On 1 December 2000 the Lutsk City Court clarified its judgment of 18 January 1999 on the Company’s request. The court specified that the Company and its subsidiaries were immune from any changes in fiscal legislation, including that introduced by the 2000 Act. This ruling was upheld by the Volyn Regional Court on 25 June 2001 and by the Supreme Court on 12 October 2001. On 28 October 2002 the Supreme Court rejected the request of the Head of Volyn Customs to reopen the proceedings due to the new circumstances.
b. The gas litigation
On 17 June 2002 the Central Energy Customs (hereafter “the CEC”) refused to allow the Company the free transit of a certain amount of gas across the Ukrainian border. The applicants and the Company challenged this decision before the courts.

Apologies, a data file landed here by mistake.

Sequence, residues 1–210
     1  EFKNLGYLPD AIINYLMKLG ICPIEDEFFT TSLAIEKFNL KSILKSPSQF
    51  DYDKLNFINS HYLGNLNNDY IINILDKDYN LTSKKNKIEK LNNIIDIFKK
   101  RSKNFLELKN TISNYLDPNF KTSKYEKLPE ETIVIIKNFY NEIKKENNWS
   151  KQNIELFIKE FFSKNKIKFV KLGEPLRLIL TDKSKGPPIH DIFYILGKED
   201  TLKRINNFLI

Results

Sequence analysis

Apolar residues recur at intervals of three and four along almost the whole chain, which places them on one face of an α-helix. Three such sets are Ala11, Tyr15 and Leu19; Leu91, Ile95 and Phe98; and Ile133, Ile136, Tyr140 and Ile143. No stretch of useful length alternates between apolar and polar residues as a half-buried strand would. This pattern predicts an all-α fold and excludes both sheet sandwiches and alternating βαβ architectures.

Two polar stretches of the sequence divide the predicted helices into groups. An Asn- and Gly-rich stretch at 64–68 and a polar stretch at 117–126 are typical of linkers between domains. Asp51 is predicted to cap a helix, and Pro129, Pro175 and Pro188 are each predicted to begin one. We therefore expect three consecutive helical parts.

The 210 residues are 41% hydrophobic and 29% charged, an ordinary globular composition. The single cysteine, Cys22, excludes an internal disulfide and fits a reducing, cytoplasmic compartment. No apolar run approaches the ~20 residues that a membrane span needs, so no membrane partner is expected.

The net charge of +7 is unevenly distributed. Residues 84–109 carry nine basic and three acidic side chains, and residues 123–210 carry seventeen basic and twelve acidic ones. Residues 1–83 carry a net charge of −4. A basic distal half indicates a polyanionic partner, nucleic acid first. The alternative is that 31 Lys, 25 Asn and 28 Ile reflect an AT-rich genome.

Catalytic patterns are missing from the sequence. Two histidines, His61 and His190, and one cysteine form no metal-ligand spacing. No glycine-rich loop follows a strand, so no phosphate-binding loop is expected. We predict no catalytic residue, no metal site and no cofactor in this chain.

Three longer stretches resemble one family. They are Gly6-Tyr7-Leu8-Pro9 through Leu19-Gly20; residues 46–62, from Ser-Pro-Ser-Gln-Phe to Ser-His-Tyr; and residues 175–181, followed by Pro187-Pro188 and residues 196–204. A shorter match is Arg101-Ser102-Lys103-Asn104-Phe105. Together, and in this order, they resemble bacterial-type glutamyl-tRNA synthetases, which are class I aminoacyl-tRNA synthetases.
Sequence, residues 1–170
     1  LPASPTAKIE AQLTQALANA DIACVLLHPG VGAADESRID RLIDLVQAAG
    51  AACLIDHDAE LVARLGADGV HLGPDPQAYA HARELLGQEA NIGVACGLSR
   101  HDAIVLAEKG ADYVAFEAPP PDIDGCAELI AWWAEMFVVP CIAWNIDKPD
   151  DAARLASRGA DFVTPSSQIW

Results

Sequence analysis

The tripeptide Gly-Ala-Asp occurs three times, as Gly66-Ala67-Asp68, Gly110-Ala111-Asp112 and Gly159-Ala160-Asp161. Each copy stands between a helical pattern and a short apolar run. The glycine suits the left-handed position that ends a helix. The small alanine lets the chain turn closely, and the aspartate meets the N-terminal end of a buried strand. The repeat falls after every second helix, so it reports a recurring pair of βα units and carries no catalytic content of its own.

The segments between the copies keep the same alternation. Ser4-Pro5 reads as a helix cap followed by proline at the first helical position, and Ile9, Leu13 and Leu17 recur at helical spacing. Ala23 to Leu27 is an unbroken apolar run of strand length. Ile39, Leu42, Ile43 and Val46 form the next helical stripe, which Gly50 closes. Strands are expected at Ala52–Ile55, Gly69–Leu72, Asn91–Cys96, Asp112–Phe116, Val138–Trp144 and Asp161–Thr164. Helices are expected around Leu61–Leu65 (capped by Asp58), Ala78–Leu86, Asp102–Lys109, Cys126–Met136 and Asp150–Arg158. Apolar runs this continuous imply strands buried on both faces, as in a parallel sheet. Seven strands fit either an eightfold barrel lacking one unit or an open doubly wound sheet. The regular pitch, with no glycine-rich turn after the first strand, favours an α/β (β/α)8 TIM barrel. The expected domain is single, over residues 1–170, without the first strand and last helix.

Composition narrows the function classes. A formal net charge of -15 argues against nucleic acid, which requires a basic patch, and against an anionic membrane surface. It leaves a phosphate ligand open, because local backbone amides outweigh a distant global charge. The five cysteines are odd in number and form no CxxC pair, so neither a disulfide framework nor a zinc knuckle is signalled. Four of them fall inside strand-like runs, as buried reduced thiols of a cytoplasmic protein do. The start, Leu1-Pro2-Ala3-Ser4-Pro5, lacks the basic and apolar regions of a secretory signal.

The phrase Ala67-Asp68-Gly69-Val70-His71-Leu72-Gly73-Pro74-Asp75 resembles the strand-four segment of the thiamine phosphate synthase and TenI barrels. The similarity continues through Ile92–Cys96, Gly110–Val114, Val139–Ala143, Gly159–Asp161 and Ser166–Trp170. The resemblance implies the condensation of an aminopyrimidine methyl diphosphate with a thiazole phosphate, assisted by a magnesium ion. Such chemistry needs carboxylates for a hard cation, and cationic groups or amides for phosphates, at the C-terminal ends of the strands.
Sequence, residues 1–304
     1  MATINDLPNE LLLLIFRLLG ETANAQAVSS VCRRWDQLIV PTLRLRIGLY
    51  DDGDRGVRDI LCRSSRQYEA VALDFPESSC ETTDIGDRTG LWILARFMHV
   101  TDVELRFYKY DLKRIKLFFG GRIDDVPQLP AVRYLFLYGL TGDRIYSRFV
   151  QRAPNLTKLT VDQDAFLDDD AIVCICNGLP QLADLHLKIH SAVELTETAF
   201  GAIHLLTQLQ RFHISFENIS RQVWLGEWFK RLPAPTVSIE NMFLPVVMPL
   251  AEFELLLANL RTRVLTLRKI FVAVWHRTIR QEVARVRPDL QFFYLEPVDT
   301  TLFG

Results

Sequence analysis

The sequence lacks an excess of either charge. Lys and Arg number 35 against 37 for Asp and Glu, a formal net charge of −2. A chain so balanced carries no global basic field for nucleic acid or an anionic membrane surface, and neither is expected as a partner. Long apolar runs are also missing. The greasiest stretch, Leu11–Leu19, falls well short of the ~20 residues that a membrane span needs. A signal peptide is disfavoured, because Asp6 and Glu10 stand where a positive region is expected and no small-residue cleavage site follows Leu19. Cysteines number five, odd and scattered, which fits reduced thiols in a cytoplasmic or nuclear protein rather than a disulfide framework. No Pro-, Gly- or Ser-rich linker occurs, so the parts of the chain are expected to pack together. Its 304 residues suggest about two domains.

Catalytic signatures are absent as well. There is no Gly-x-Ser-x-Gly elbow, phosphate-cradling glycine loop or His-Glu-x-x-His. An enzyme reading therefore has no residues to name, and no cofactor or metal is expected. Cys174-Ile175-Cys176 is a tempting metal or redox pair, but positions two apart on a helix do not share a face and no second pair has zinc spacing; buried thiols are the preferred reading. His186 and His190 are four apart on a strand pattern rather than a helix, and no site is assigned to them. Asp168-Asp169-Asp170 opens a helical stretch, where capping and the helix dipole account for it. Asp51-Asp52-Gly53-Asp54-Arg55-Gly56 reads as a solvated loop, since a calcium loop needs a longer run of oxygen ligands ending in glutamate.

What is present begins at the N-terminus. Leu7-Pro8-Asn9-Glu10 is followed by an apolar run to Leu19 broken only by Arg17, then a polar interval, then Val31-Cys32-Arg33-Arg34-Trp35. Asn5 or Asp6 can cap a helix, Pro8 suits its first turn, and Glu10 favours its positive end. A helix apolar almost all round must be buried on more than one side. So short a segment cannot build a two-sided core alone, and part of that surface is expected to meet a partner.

On 25 July 2002 the Podilsky District Court of Kyiv found in favour of the applicants and ordered the CEC to allow the gas to be imported, referring in this respect to the January 1999 judgment.
On 7 February 2003 the Kyiv City Court of Appeal granted the CEC’s appeal, quashed the judgment of 25 July 2002 and rejected the applicants’ complaint. The court indicated that the 2000 Act, as interpreted by the Constitutional Court, furnished sufficient grounds for annulling the Company’s taxation privileges.
On 6 May 2003 the Supreme Court rejected the applicants’ cassation appeal against the judgment of the Kyiv City Court of Appeal.
B. Relevant domestic law and practice
1. The Foreign Investments Act 1992
Article 2 of that the Act was applicable to companies of any type or form if a foreign investor owned at least 20% of the enterprise.
An “enterprise with foreign investments” established under this Act could be granted, on its request, 10 years’ immunity from changes in the fiscal legislation regulating foreign investments (Article 9).